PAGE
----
Finding a friend

Two+kids+stand+on+the+runway+and+pose+for+a+picture+during+an+annual+Fashion+Show+FOKWC+hosts.
Back to Article
Back to Article

Finding a friend

Two kids stand on the runway and pose for a picture during an annual Fashion Show FOKWC hosts.

Two kids stand on the runway and pose for a picture during an annual Fashion Show FOKWC hosts.

Thora Pearson

Two kids stand on the runway and pose for a picture during an annual Fashion Show FOKWC hosts.

Thora Pearson

Thora Pearson

Two kids stand on the runway and pose for a picture during an annual Fashion Show FOKWC hosts.

Lori Zucker’s life changed June 2009. Her daughter, Arianna, was diagnosed with a nerve cell cancer called neuroblastoma at 3 years old, and nothing was like before. They spent more time in the hospital than out, underwent eight years of intensive treatment and were stretched financially. Lori struggled to find a balance between supporting Arianna and her other two children. During this time, she found Friends of Kids with Cancer (FOKWC).
“When you’re first diagnosed, everything is a whirlwind,” Lori said. “You have no idea [what is happening. FOKWC] connects you with other families going through the same thing plus finds fun things for you to do. You don’t really get to do fun things otherwise, because you’re too busy taking care of your sick kid.”
FOKWC has three different program branches. They assist the kids educationally, emotionally and recreationally. Through these strategies, they target all aspects of life a family may need help with when undergoing treatment and post-treatment.
“Recreation is the social aspect and the fun stuff,” Valerie Kennedy Lang, FOKWC program director, said. “We throw parties and send families to events throughout the St. Louis area. Educational support is primarily in the form of tutoring. [Emotional support includes] two support groups that meet monthly.”

Thora Pearson
Two girls attend an American Girl Doll Tea Party and smile for a picture.

The organization hosts a fashion show as an annual fundraiser. Kids partnered with the charity get to walk the runway with St. Louis Blues players and spend a day living the life of a model. The 2019 show was held Monday, Nov. 11.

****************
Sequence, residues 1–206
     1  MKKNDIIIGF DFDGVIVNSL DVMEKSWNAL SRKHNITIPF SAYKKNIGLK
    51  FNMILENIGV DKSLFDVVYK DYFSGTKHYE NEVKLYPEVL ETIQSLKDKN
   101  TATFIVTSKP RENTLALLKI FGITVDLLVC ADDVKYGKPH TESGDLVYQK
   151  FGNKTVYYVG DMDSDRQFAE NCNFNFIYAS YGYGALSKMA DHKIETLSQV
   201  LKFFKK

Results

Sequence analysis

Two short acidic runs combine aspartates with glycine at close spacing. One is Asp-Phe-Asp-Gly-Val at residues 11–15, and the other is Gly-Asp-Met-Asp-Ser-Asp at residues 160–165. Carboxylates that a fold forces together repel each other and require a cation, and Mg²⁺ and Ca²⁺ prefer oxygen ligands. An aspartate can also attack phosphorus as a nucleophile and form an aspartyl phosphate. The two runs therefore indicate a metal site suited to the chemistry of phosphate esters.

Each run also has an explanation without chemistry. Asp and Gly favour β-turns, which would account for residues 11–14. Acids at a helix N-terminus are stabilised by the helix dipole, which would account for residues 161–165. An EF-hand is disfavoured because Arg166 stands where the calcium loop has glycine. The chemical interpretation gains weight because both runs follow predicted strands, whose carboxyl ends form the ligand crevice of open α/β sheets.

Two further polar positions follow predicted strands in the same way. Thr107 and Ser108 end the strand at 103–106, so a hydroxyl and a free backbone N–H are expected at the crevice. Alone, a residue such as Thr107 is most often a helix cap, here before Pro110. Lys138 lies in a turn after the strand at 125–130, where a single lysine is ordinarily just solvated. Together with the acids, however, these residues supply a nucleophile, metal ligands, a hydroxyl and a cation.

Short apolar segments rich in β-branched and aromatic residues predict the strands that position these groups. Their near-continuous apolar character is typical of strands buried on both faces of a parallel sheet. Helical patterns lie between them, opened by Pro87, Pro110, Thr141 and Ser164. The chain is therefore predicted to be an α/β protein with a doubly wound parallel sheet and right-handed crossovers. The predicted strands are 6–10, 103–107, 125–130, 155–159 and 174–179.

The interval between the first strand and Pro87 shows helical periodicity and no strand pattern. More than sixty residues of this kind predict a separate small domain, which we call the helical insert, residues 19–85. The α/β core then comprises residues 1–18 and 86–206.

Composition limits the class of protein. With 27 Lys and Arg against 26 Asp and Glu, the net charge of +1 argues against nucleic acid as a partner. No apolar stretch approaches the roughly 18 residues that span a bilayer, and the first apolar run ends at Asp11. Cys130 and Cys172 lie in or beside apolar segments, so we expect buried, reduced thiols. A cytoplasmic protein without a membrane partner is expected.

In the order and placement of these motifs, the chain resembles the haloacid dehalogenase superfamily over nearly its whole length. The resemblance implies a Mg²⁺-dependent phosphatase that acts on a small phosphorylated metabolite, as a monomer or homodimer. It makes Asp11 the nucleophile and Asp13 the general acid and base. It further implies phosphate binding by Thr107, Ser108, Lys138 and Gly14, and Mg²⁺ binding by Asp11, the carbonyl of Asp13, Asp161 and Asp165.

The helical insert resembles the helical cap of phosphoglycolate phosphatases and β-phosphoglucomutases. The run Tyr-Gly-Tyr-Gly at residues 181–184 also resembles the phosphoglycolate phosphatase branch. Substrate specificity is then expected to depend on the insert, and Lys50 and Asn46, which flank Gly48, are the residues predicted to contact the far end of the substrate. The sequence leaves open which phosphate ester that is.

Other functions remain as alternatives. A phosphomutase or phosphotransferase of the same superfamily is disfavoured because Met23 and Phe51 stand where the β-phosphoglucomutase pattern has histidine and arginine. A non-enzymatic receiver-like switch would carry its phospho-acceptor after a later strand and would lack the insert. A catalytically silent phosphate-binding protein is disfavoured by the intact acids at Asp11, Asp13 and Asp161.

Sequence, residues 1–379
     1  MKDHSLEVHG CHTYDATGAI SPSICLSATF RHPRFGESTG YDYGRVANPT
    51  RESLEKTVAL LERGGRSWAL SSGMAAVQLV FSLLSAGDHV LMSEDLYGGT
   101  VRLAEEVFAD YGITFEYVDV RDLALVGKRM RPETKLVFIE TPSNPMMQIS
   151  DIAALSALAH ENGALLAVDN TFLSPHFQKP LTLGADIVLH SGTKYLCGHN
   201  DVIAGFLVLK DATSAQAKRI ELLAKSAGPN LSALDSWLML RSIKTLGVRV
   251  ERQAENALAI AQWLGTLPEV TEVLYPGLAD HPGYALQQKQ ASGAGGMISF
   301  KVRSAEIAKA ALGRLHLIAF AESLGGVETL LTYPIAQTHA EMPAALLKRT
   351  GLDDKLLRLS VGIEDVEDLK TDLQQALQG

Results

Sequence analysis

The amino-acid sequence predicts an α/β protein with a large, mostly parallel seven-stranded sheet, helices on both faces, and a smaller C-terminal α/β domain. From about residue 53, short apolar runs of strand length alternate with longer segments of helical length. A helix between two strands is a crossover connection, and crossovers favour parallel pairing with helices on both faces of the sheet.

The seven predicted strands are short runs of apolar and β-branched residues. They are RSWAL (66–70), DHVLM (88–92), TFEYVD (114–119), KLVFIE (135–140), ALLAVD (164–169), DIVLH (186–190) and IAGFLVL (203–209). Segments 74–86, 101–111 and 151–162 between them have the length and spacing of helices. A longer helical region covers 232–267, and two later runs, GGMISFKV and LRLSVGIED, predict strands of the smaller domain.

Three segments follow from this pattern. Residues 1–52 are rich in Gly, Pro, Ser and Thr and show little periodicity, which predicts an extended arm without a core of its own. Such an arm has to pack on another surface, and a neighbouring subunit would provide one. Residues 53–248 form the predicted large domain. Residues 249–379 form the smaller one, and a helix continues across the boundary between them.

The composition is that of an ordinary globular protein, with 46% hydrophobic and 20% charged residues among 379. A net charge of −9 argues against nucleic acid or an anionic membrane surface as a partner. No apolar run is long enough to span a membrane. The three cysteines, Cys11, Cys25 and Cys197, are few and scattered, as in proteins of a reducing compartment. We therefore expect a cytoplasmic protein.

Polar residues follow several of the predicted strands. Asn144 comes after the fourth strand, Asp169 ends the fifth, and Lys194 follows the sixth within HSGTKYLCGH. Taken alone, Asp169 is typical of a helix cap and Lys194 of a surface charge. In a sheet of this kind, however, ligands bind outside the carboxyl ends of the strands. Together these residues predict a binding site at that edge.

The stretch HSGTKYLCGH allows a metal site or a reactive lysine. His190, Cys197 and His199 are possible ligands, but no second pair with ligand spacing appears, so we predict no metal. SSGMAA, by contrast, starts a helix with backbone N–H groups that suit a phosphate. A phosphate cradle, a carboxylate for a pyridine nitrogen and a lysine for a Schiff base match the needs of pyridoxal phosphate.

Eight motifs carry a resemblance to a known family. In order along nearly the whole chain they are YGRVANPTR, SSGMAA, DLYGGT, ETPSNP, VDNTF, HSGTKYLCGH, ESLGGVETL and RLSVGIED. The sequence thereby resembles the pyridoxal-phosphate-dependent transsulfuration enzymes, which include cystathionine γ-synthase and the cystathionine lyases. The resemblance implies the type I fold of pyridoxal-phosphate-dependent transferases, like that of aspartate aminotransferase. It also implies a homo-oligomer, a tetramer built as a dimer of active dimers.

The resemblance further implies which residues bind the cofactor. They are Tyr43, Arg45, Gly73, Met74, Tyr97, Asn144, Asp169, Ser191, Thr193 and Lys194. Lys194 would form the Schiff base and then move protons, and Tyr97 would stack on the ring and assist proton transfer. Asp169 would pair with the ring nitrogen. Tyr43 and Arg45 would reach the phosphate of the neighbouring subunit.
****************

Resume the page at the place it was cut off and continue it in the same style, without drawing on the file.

“A lot of unfortunate things happen in this life and we need to be responsible for each other, help each other in need,” Ryan O’Reilly, St. Louis Blues player, said. “Volunteering is a great opportunity to do that. At events like this, it’s so amazing to see all the people that help out. It’s a beautiful thing. We all need to help each other and make this world a better place.”
FOKWC works to build an uplifting community in a unique situation. The families never asked to join the community they are now in. Families are brought together from all different periods in the process of cancer and treatment, including those who have lost a child.
“FOKWC helped me stay strong through [treatment],” Jessica Hicks, Hodgkin’s lymphoma patient, said. “I got to experience what being a normal teenager is. Without the organization, I would be really sad. I wouldn’t want to go anywhere because treatment is hard. Everybody there is amazing, I love them. They make you feel at home.”
According to Lori, the organization’s one of a kind experience compares to no others she has encountered. FOKWC made Arianna’s 11 years full of amazing experiences some may not get in a lifetime.

Things can change very quickly. It’s just about being present minded.”

— Valerie Kennedy Lang

“When Ari passed away, I had no idea [FOKWC’s] help wasn’t going to stop there,” Lori said. “They still invite us to all their events, [and] even secure [us] tickets here and there. They also have a grief group that they provide for the families.”
Their work not only benefits children and families, but also those involved with other aspects of the organization. Volunteers, staff and directors take away lessons and values from their dedicated time.
“What I’ve learned from these kids and their families [is] that sometimes you’ve just got to take things day-by-day, hour-by-hour or minute-by-minute,” Kennedy Lang said. “Every one of those minutes is important. Things can change very quickly. It’s just about being present minded.”